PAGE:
Diploma design studio
Across Europe, changes to major infrastructures such as port facilities and railways are making central urban sites available for redevelopment. When certain economic and political forces are combined these places undergo massive change, at a scale equivalent to their original industrialisation. King’s Cross in London is one such site.
A masterplan is currently at the planning stage to develop the area to a density far greater than London is familiar with. The very scale of the development, its proposed method of delivery combined with the place’s cultural and iconic significance situate it centrally in debates around contemporary urban practice. The unit has taken the proposed density and the assumption that such a project could be realised as its starting point. We have focussed on how beautifully made architecture and precise urban configurations could create a strong emotional sense of the dense metropolitan city. Can the physical reality of such a place ultimately resist the prevailing determinism of its provenance?
To begin to explore these issues, we carried out several research projects. Using precise techniques we surveyed several extraordinary urban moments in Rome. These ranged from the distortions of a mosaic church floor by the Cosmati masons to the structural economy of a Nervi concrete shell. A series of equivalent exercises in King’s Cross has encouraged a sensibility to the physical constituents and the patterns of these places and their origins in construction. Six masterplans were subsequently developed in groups of three with each student taking on a public space and then an elevation from their masterplan and exposing them to rigorous scrutiny. The unit was able to work at different scales simultaneously: as the architecture developed, the masterplans were revised, offering an opportunity to change the restrictions within which to operate. In these masterplans construction is instant, everything is built at once, streets always lead somewhere, buildings are all fully occupied. The usefulness of these masterplans is not that they offer an instantly applicable way of occupying the site over a generation. Rather, they offer a provocative habitat for us to work within. The masterplans are invented places where each student can operate with a mass of material with responsibility for everything around them. Too often today dense urban developments can leave you cold. Despite the mass of material, their emotional presence is draining. The feeling that we have searched for is one of fullness, a sense that the city is generous to overflowing.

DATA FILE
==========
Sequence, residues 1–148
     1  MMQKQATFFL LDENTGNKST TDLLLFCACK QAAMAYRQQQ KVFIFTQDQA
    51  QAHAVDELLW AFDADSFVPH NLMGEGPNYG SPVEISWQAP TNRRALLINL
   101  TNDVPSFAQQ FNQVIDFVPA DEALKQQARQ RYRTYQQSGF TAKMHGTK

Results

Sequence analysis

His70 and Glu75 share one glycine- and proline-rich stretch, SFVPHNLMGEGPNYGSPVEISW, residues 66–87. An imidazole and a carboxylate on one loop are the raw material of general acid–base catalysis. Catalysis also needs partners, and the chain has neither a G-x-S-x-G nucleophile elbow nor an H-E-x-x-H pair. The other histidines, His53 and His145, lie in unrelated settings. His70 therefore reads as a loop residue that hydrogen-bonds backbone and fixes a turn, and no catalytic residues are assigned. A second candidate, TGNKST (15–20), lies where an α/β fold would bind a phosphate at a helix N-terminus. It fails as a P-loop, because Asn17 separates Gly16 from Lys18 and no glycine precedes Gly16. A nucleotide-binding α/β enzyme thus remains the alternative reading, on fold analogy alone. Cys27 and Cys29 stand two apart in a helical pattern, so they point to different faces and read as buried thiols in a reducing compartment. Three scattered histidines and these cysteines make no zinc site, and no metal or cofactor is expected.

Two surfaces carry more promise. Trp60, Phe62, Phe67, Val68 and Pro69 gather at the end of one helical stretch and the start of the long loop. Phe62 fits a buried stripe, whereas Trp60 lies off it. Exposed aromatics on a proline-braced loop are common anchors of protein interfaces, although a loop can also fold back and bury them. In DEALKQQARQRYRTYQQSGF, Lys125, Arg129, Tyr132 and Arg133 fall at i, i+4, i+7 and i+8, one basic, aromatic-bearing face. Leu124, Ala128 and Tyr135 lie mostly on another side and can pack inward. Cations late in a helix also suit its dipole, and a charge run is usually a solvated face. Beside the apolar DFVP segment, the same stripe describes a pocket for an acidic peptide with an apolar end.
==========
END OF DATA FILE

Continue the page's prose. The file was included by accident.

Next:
Students: Simon Bacon, Chris Clark, Yuval Gelbard, Louise Hoffman, Ah-Ra Kim, Cristina Lamiquiz, Robertson Lindsay, Niccolo Manco, Kazuyo Matsuda, Stefan Mordue, Martin Nässén, James Paul, Ian Ramsay, Isidro Rodriguez, Sabine Rosenkranz, Carolina Thorbert, David Wannerton, Dieo Weeranarawat.
Tutors: Rod Heyes and David Kohn
Visiting critics: Adam Caruso, Lorenzo De Chiffre, Tobias Goevert, Tim Gough, Cathy Hawley, Andy Houlton, Richard Lavington, Filipa Matos e Silva, David Partridge, Helen Robertson, Peter St John, Prisca Thielmann, Helen Thomas, Steve Witherford